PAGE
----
Doing this kind of individual feedback is very time consuming, but it serves two purposes. For one, it customizes instruction to meet that student’s specific needs. But it also helps to make sure students are held accountable for doing their work and trying to improve. Students can’t say “I didn’t know I was supposed to do x” when they have it in writing in their sketchbooks like this. Of course, I don’t expect two or three mini lessons to solve all students’ drawing issues immediately, as drawing consistently requires lots of practice and analytical thinking during and after said practice.
Students had to get back to using their full class time for constructing their actual outfit, so I didn’t do any whole-class mini lessons for a while. In late March I talked about shading, and did a demonstration with a wooden cylinder and flashlight, as well as a drawing, so that students could create a greater sense of form in their croquis.
I don’t have many photos of student work in general, as there is always so much going on it’s hard to remember to take photos. I do regret not taking pictures of some of the better croquis, as there really were some interesting ones. Especially once we started doing themes.
At the very beginning of the school year, students had assigned themes for a few weeks, but then they were allowed to draw more freely. However, by the time I got there in mid-January, it was clear most students were merely copying poses and outfits wholesale off the internet. So, I gave each student one small piece of paper, and told them to write down one thing that they liked on it. It could be anything: a color, a material, an emotion, a fictional character, etc. They folded the papers up and put them into a protein powder jug I had rinsed out and repurposed. Each week, either I or a student pull out a paper to set the week’s theme. So far, we’ve had “Sour Patches,” “Blue,” “Video games,” and “Life.” I honestly did not know what Sour Patches were! (Ahaha!) Though I don’t have a photo of it, one student did a very funny “croquis” of a Sour Patch Kid wearing a sparkly red gown and a string of pearls. It was right after the Academy Awards, and the “Kid” was saying “I’d like to thank my manager.” It definitely didn’t have the usual feel of a fashion sketch, but then again, if Lady Gaga can wear a meat dress, why not have candy wearing fancy gowns!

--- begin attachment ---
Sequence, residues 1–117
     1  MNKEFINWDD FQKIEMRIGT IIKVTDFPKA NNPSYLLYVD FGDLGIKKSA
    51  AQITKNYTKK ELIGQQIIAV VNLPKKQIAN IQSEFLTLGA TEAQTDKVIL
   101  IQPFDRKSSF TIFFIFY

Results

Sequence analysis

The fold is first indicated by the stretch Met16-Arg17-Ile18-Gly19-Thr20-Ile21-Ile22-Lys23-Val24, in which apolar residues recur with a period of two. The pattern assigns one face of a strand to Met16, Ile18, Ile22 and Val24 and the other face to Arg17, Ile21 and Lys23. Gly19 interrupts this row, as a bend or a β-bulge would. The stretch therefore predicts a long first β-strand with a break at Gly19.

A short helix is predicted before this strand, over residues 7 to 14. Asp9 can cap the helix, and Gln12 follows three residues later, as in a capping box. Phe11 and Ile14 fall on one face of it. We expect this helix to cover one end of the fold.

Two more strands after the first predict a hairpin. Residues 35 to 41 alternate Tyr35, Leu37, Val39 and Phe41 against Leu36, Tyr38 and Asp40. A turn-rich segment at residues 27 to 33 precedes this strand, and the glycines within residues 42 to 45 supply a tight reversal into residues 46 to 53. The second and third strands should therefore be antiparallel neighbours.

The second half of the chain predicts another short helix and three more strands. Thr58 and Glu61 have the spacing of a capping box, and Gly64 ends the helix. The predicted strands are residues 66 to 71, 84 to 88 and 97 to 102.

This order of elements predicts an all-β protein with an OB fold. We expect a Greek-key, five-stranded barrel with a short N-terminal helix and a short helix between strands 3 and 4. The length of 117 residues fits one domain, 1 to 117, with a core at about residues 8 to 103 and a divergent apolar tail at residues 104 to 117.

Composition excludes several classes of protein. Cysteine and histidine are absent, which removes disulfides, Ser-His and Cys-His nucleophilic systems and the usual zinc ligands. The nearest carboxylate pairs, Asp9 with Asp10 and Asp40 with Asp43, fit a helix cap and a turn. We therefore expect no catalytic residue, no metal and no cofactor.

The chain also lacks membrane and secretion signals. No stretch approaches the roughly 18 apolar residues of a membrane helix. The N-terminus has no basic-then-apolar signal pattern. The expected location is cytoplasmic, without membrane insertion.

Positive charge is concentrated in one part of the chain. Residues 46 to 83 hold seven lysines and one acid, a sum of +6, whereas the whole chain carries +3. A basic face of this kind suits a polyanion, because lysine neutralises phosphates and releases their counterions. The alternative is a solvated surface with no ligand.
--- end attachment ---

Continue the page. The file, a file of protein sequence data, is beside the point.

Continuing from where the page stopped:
~ B O N U S ~
My mentor teacher often buys magazines like Bazaar and Vogue to have as reference material for the Fashion class. I saw some interesting ad campaigns as I flipped through them. For example, Gucci has one consisting of images that directly reference famous works of art. The first one I saw was obviously a copy of Sir John Everett Millais’ Ophelia. I showed the ad to the class and asked them if they had ever seen this image before. Unfortunately, there hasn’t been an Art History class at Cass for some years now, so only one student (a transfer student) got the reference. Still, I showed the class the original painting in Gardner’s Art Through the Ages so that they could see how fashion designers take inspiration from sources across time even though they’re designing for a season that hasn’t even come yet.
Millais’ Ophelia [Source] & Gucci’s Ophelia by Monreal [Source]
Another ad that took me by surprise was for Bloomingdales. It had a pipe from Super Mario World in it. Turns out the store created some clothing in collaboration with Nintendo. This came in perfect when I pulled the “Video games” theme from the Croquis Themes Jug! A lot of students aren’t particularly interested in fashion, but many do like video games, so it helped to have such a recent example of games and fashion going hand in hand.